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8 New Year Resolutions to Improve Your Life

There are days when we realise that we are not living the way we expected our lifestyles to be, we have multiple flaws to work on but then we do not improve them, rather see a calendar and try to find a day from which we can change our life, our habits, our schedules.

A new year is a perfect day for people like us. The date works as a motivation for a new start and we have a whole new year to look forward to. Just the way we use to cover our notebooks on the first day of school and we promise ourselves that we will keep them new and keep our notes neatly up to date this year. 

Now talking of resolutions we always make a long list like I’ll stay fit, eat healthily, walk 3000 steps a day, try to live an Instagram “aesthetics” lifestyle, be more social media active, achieve new targets at work, cut down on my drinks and caffeine and so on. Our main focus is on gaining something which gives us immediate happiness, but we don’t focus on long-term benefits or the things which can bring us healthy changes from within and make us grow from within as better individuals. We never focus on being more happy, on managing our stress, we never focus on picking up an old hobby we left or a hobby that used to make us feel happy.

So this year, let’s focus on some new year resolutions which give you a glow up from within and help to get long-term benefits. 

Here is a list of some mental health resolution you can add to your list this year:

  1. Improve your sleep schedule: We lack sleep as a nation. Poor sleeping habits are a contributing factor to depressive symptoms, but some people view sleep deprivation as a badge of honour. Try to get 7-8 hours of sleep every night. Try following a sleep hygiene schedule just the way you follow your daily routine. The top method to rest is to have a predictable sleep time and working time. 
  2. Work out more: The majority of studies demonstrate that physical activity is beneficial to mental health. The bad news is that getting active can be difficult for many people, especially those already struggling with depression's common lack of motivation and energy. The answer is to make it easier to exercise more. Instead of joining a gym or purchasing a weight set, simply take more walks. As long as you don't exercise too close to bedtime, exercise can also help you sleep better.
  3. Find a hobby: There are two kinds of resolutions: the first is to make people feel good, and the second is to make people master something. A great way to do both is to either start a new hobby or pick up an old one. Find a hobby that makes you feel good about yourself. Your self-esteem will also rise as you get better at it.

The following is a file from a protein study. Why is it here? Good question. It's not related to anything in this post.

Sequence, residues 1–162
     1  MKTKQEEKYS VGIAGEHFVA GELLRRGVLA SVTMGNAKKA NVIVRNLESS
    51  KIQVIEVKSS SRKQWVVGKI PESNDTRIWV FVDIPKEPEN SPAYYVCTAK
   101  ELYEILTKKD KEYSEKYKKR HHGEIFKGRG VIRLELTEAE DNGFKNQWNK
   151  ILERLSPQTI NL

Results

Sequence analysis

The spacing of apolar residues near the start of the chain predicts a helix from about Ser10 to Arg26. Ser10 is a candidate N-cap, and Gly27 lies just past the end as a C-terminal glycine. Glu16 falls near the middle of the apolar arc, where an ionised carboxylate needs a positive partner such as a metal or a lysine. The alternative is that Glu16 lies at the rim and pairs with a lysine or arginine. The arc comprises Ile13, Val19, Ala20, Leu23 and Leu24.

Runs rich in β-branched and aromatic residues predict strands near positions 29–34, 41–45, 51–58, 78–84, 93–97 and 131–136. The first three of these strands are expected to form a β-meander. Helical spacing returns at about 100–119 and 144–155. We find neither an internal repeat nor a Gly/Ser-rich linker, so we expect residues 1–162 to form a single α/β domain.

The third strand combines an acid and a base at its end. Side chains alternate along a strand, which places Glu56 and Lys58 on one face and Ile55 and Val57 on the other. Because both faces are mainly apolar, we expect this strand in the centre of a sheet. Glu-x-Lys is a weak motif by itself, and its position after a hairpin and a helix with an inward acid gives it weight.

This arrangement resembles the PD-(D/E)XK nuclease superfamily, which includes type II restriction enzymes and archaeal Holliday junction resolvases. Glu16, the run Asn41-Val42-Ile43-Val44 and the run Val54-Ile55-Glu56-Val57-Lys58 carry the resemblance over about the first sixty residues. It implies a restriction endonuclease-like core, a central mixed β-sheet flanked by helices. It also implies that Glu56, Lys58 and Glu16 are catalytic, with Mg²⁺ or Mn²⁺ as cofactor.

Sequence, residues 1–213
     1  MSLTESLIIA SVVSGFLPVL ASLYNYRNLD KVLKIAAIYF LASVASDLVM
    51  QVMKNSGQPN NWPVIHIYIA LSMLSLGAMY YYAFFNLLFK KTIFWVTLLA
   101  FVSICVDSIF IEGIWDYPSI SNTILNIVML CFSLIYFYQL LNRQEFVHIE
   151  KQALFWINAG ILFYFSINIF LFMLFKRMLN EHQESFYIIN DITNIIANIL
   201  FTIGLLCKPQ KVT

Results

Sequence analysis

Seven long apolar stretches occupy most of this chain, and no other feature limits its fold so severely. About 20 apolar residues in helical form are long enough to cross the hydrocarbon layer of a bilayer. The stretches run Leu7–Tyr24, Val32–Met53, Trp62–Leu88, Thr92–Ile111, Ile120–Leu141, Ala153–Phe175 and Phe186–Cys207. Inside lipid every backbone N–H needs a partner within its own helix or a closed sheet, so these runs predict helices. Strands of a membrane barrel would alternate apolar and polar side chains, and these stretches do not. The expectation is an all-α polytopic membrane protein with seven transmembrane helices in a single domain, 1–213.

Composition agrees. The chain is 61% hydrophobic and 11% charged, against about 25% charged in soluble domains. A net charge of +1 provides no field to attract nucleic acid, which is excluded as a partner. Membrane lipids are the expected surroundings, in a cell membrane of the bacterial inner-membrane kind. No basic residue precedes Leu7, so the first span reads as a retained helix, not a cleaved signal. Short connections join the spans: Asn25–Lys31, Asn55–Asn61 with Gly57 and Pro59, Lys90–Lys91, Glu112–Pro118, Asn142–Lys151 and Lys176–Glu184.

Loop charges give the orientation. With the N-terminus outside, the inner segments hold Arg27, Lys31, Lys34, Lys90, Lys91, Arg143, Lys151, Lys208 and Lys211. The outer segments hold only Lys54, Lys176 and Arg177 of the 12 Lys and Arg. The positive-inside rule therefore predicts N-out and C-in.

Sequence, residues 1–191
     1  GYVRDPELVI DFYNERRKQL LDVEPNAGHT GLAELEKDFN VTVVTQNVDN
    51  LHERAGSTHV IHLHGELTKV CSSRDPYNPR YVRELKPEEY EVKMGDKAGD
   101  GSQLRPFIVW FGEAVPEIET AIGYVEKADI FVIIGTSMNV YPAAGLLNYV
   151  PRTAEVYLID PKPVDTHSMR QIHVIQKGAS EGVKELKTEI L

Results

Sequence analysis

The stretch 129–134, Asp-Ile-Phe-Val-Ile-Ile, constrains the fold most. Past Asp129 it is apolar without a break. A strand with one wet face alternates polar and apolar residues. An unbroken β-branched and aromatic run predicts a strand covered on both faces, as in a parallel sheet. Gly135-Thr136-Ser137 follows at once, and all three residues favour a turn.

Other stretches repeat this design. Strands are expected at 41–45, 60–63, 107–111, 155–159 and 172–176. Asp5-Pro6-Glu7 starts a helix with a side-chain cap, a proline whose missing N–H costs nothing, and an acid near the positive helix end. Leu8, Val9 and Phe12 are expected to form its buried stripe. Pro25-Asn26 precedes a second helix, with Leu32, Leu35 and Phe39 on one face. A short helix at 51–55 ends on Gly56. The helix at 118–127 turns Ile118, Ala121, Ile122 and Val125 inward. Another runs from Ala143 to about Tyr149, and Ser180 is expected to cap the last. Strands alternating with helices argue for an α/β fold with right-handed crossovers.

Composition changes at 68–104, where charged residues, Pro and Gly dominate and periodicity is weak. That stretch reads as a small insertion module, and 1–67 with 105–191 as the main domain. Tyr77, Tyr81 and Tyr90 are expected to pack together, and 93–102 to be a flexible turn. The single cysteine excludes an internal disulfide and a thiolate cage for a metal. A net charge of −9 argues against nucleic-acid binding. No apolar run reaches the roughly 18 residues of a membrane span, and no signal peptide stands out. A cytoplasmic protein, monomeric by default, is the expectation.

4. Try to meditate: Meditation can assist in a variety of ways. It has been shown to lower stress levels. It enables you to complete tasks with greater efficiency. It helps you to slow down and see what really matters. It only takes 10 minutes a day, and if you keep doing it, it can help your mental health for a long time.
  5. Keep a diary: Your day planner is not the same thing as this. It is about discharging your worries by writing them down in a personal journal. Anxiety and depression frequently manifest as rumination or obsessive thinking about a negative feeling or emotion. Take a worry journal and just write down your negative thoughts for no more than fifteen minutes.
  6. Feel thankful: According to studies, practicing gratitude by focusing on the positive aspects of your life is one of the simplest ways to feel happier. At the end of each day, try writing down something you are grateful for in a journal or saying it out loud. They don't have to be monumental. They can be little things like getting on the train on time, having an easy commute, or getting the coffee you want. Although doing this is difficult for many, it greatly contributes to fostering a sense of well-being. If you can look back on two or three positive things at the end of each day, it can help you deal with stress the next day.
  7. Be kind to yourself more: Take a break for yourself. Your life probably won't improve in a day or two. After all, January 1st isn't all that different from December 31st. Don't try to incorporate everything at once or make them so difficult that they become more trouble than help. Having a long list of things to change can be overwhelming, so start with two or three. Write down concrete plans, keep track of how well or poorly they are working, and then reevaluate after a few weeks. Give yourself enough time to make any necessary adjustments.
  8. Help others: Helping others is a great way to get out of your head, your troubles, and connect with other people and cultivate relationships. Perhaps the single strongest predictor of happiness, according to social science, is called pro-sociality – connecting with others. Helping is a wonderful connector. It doesn’t mean you have to volunteer at an event you don’t want. Simply helping your friend carry a heavy bag or a co-worker can generate those beneficial feelings of social connection.